michael j. morris

Queer Explorer’s Club

On of the many projects that I currently have in the works is a collaborative endeavor with two amazing individuals, Karl Cronin and Christopher Kennedy (who does amazing work like this). We will be working together on a project sponsored by Culture Push (NYC, NY) called The Laboratory for Independent Scholars. As our work together unfolds in the months to come, I am sure that I will be sharing perspectives of it here. However, a great project in which I have already been invited to be a part is the Queer Explorer’s Club. Christopher Kennedy introduced me to this project with the following description:

“Queer Explorers Club is a group of people.
People who are queer identifying.
We are only 4-5 most of the time.
We like to make stuff together. Sometimes we have dinner and read to each other.
Sometimes we knit. Sometimes we cry. Sometimes we play outside and ride bikes.

For our first project we’ve been sharing stories.
About vulnerability and harassment.
In response I developed this screenprint and we’ve been wheatpasting them around Brooklyn and NYC as a gesture to reclaim places of vulnerability – or perhaps where boundaries have been crossed or formed.

So I’d love to send you one. Then you can wheatpaste it where you’d like. Or just have it for another space.”

This week I received my copy of the screenprint. I’ve been reflecting on places I’ve felt vulnerable that might function as an appropriate space to receive such a marker.

From the Queer Explorer’s Club website:
“You’re Just a Fucking Faggot
Where have you felt the most vulnerable with your gender
in public spaces
in private places.
In the exchange of a walk.
In the look of an eye, that turns into a shove.
Language; maybe more.
Please demarcate where and when your vulnerability has been.
And where it may be with geography and technology.

Download Template (PDF)
Please download the template, and mark where in real time
and in real space.
and in virtual space where your vulnerabilities may lie.
a history, or the present; always the future.”

The current list of places that might be appropriate:

14th Ave, Columbus, OH: this is the street from which I just moved. I walked to and from school/work everyday on this street. In the two years that I have lived here in Columbus, I have had things thrown at me (glass bottle, rock) and been shouted at (mainly “faggot”) more times than I care to count. I was mostly harassed by large groups of people in the front yards of apartment buildings, on game days more than any other time (I have a strong conviction that this is one of the many, many examples of how competitive athletic events cultivate the potential for degenerative, destructive, and aggressive social cultures . . . but maybe that’s another blog post). I never directly confronted those who had harassed me because I was always outnumbered, and while I was sober, mostly those harassing were not. I felt vulnerable and endangered.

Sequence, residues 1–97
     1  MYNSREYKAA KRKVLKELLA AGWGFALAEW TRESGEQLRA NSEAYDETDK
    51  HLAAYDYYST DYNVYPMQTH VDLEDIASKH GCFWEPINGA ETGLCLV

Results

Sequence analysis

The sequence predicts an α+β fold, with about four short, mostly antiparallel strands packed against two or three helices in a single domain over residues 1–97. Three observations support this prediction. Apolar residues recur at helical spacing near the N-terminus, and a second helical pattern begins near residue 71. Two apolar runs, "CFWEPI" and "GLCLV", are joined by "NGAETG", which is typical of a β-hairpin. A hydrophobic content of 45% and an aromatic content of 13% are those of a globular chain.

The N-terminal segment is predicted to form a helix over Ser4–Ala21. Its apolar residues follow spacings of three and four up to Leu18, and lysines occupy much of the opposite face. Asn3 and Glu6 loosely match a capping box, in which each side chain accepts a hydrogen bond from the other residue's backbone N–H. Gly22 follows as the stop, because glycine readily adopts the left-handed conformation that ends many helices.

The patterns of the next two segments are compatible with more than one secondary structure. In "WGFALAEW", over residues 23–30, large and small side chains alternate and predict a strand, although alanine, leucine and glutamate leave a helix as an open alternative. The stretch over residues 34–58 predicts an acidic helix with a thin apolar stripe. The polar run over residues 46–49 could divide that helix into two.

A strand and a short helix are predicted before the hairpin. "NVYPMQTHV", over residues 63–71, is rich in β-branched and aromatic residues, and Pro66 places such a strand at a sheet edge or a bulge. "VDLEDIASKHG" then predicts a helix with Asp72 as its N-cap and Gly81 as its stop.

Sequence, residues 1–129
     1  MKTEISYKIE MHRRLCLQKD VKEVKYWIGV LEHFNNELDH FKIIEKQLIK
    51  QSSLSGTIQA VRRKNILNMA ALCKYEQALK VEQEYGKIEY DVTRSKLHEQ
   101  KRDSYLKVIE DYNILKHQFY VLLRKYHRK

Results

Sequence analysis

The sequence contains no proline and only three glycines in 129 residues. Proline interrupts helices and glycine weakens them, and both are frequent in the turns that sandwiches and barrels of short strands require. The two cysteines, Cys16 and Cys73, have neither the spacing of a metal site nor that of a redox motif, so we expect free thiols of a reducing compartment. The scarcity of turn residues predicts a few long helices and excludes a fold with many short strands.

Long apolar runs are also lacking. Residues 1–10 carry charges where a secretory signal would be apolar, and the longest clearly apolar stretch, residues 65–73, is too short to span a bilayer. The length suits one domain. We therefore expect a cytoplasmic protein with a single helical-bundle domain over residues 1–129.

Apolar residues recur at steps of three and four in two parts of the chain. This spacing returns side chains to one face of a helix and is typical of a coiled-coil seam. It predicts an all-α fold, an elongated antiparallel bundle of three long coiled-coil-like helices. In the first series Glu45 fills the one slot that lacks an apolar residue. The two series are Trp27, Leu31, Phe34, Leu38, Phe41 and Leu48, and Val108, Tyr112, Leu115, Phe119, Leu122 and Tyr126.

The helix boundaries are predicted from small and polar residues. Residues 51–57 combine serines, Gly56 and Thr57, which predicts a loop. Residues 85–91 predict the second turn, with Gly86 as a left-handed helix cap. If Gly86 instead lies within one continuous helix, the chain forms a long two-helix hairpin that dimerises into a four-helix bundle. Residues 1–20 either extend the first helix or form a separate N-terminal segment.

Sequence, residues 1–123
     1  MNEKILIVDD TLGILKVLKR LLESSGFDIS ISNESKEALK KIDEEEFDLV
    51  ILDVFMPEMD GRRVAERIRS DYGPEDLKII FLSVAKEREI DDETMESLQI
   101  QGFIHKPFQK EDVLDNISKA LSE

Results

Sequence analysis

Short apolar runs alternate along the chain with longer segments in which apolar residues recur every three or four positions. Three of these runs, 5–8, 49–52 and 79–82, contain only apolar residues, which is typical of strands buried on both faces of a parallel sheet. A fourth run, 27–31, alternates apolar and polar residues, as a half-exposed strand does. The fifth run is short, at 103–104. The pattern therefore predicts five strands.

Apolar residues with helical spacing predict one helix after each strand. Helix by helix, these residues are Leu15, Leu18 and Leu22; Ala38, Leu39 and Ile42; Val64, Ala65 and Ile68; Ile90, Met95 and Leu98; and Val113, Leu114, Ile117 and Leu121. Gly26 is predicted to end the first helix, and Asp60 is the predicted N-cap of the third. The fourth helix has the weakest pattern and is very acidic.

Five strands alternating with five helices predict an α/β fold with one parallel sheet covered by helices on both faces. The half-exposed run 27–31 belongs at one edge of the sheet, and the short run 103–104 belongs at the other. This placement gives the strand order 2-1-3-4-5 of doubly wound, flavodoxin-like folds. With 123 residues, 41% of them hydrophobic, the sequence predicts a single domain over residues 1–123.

Wells Hall, Belhaven College (now University), Jackson, Mississippi: This was the dormitory in which I lived during the first two years of my undergraduate experience. My harassment in Jackson was pervasive; I could not possibly mark all of the places and spaces in which I was harassed, felt vulnerable, or compromised. But this was the most persistent. It was an ongoing experience to come home to where I lived and be met by a group of athletes (again, I am not sure this is coincidental; not that all athletes are aggressors or oppressors, but that there does seem to be a common denominator in my experience). I was constantly called “faggot” and pushed on more than one occasion. I was always outnumbered. This was the main reason I eventually moved off campus, because I was no longer content or satisfied with feeling endangered in the place that I lived/my home. If I could journey back to Mississippi to mark that building, I would.

Belhaven was a place of vulnerability for other reasons as well. Because of the college’s [discriminatory] policies, there is generally an intense amount of secrecy surrounding homosexuality on campus. Queer identities are not only unwelcome, but are oppressed. During my sophomore year, there was a “documentary” on “former-homosexuals” (those who had been “cured” of their homosexuality through various religious-based “therapies”) that played on the college’s television station for a month. I was made to watch this documentary in two different settings. It was not unusual for me to be approached by faculty intent on “saving” me from my sexuality. There is a sense in which Belhaven as a whole functioned as a vulnerable/violating space.

More subtle though no less profound spaces might also include:
churches that I formerly attended
my bedroom
the house in which I grew up
various performance spaces
studio 2 in sullivant hall (where Autumn Quartet was made and practiced)
this blog (blogging for me is almost always a vulnerable experience)

Putting the print here is one virtual space that I am marking. It will also allow me to mark facebook. Once I have selected a “real” space, I plan on documenting that installation/inscription/marking.

Where are the places you might mark, and why?


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